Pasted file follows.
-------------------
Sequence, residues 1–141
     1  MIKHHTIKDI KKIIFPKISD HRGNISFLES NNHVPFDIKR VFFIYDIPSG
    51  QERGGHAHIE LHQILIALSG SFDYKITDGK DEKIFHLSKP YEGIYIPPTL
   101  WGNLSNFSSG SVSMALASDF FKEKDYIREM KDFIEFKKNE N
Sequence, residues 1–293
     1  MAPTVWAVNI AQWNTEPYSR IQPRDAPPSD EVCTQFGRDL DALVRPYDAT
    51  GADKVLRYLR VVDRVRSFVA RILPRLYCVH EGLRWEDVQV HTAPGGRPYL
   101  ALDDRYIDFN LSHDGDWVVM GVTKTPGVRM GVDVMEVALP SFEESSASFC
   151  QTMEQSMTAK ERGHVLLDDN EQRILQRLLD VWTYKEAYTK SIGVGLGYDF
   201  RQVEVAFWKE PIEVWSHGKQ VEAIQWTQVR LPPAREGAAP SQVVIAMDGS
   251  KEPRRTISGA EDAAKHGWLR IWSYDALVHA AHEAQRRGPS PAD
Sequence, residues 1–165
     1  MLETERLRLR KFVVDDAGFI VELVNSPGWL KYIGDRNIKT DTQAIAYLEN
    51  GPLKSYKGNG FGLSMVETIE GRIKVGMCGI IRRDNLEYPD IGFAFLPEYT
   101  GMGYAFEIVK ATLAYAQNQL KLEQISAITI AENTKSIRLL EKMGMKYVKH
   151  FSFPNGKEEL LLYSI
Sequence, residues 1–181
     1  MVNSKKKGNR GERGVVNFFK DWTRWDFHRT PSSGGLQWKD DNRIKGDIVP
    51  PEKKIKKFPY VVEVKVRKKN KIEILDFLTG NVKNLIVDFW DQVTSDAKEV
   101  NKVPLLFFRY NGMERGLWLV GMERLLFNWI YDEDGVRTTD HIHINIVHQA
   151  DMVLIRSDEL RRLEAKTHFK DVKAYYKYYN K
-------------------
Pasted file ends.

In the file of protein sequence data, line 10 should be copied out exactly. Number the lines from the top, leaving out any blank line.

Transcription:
   201  RQVEVAFWKE PIEVWSHGKQ VEAIQWTQVR LPPAREGAAP SQVVIAMDGS